High Blood Pressure
High Blood Pressure is a chronic disease affecting millions of Americans today. Also known as high Hypertension, it simply means that the blood flowing through your arteries to your heart and other organs is moving at an abnormally high pressure and could potentially cause harm to your arteries and organs if left untreated. The good news is that once you are diagnosed, it is a manageable condition and one that is easily treated.
How Blood Pressure is Calculated
The quickest way to determine whether you are suffering from hypertension is to have your blood pressure checked. To do this, the nurse or doctor will use a device known as a sphygmomanometer, also known as a blood pressure cuff. The cuff is placed around your upper arm, and inflated using an air pump. Once it has been inflated to a pressure that will cut off the flow of blood through the brachial artery in your arm, the administrator of the test will begin to release the pressure in the cuff.
While the cuff deflates, we will place a stethoscope on the arm under the cuff, so that we can listen to the artery. Once we first hear a pulse from the artery, we will note the pressure at which it was heard, giving us your systolic pressure number. We will continue to listen as the cuff continues to deflate and once we can no longer hear a pulse from the artery, the reading at that point will give us your diastolic pressure number. The numbers are read as systolic/diastolic, and are the measuring guide to determine whether you have high blood pressure.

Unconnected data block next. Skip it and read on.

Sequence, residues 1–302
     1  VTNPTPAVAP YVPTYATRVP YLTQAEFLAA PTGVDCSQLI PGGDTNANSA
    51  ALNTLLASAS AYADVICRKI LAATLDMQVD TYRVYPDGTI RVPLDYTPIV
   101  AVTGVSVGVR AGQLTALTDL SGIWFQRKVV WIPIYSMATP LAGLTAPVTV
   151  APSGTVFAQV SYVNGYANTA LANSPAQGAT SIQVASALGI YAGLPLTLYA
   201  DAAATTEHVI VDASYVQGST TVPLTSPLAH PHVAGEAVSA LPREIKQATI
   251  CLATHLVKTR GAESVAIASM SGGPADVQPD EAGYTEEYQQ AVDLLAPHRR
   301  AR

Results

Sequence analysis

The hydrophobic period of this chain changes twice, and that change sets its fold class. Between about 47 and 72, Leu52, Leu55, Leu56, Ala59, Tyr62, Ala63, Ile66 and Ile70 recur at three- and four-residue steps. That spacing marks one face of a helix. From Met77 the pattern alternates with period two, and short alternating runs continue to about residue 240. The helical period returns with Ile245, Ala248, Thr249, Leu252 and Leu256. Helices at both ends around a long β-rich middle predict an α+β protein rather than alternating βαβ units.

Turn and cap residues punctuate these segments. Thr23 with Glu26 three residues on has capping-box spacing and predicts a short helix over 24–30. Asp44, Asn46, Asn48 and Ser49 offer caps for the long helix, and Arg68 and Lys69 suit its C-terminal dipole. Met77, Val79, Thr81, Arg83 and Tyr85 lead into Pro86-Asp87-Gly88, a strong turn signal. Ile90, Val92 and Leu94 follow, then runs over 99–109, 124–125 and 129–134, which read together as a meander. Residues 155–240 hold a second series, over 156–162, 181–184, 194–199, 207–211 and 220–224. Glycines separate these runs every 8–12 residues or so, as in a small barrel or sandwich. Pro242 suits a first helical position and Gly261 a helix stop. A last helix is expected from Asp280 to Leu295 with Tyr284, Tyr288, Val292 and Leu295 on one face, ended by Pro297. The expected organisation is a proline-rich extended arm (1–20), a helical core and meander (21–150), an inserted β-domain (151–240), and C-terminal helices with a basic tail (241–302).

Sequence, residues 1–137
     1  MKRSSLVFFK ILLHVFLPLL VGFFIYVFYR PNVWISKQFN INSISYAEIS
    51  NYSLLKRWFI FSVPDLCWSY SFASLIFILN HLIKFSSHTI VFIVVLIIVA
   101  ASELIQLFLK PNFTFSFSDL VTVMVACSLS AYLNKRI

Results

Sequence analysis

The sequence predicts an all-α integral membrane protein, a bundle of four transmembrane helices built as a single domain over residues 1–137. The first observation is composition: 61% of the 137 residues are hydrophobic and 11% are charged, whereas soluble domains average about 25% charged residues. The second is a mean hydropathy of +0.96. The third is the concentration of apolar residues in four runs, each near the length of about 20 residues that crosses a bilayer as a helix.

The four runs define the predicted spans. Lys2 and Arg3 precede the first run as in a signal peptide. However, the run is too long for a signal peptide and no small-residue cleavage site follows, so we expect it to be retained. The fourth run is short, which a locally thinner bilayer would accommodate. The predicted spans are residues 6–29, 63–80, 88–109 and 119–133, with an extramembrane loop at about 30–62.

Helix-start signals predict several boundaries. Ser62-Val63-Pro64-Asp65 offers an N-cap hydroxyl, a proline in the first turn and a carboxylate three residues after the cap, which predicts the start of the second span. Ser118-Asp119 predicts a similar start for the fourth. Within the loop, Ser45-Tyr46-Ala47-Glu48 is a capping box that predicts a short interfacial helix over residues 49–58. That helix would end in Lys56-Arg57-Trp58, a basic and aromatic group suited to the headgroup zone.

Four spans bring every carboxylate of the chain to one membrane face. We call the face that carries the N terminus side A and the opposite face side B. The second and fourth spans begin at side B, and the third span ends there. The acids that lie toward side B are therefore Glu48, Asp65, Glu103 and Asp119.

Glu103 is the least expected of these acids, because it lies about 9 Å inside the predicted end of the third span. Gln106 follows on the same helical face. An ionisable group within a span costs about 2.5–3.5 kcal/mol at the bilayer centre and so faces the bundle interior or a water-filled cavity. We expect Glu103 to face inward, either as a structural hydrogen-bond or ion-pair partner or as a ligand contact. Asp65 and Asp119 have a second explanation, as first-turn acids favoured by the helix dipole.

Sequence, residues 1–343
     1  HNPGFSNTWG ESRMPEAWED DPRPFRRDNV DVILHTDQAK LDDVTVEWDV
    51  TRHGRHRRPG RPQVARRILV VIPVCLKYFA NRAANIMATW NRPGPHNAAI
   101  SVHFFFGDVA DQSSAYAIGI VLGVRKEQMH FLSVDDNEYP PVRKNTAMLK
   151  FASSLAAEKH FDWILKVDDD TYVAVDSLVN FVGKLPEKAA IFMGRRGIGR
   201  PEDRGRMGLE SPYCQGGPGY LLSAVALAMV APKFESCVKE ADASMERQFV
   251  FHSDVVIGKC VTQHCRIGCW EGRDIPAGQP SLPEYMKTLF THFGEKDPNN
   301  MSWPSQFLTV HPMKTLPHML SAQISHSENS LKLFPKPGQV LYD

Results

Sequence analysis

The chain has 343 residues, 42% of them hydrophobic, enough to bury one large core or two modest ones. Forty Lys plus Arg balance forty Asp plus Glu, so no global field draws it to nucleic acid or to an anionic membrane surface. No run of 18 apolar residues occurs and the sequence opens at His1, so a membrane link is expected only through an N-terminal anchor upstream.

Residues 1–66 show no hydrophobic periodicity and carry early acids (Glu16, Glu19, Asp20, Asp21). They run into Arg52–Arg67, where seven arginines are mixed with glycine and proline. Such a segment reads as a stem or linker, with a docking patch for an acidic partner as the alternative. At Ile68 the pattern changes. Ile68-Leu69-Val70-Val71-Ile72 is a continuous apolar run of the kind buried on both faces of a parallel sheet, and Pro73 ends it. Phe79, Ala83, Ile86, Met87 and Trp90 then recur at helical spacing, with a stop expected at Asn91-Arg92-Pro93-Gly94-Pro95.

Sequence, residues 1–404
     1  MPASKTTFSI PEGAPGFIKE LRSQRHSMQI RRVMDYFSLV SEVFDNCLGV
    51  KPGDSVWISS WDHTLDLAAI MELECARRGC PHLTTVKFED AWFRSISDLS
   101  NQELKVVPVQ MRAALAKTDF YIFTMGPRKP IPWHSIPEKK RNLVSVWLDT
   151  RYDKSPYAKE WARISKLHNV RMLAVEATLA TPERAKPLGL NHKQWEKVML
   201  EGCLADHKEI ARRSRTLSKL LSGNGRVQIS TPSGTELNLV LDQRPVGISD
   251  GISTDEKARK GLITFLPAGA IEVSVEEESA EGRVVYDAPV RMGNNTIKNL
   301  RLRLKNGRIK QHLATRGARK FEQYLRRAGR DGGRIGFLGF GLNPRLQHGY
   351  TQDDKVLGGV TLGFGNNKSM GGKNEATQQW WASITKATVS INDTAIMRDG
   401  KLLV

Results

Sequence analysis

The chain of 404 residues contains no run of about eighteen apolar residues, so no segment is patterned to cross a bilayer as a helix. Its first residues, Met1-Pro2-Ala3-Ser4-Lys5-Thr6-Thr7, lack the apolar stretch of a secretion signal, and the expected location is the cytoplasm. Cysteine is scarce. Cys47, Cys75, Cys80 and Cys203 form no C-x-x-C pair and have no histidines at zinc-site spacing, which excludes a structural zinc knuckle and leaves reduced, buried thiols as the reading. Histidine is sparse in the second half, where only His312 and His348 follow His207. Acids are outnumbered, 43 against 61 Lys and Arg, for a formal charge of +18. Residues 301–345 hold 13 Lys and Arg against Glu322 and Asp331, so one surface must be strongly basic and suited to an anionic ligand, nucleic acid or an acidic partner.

The Numbers and Your Health
The accepted average blood pressure is considered to be below or at; If it is between 120/80 and 139/89, you are considered to be pre-hypertensive or borderline. If it goes above 139/89, then you are considered to have high blood pressure.
Having high blood pressure increases your risk of developing some very serious health conditions later on, as well as damaging vital organs. Heart disease, kidney disease, and hardening of the arteries are chronic in America today, and untreated high blood pressure can also lead to your eyes being damaged from the pressure, or give you a stroke, damaging your heart and brain.
Unfortunately, most people will never show any signs of high blood pressure until it is too late. If you ever experience chronic headaches, dizziness, shortness of breath or blurred vision, there is a good chance that you have hypertension. It can be treated with lifestyle changes, such as quitting smoking or reducing stress. It is important to get your blood pressure checked regularly.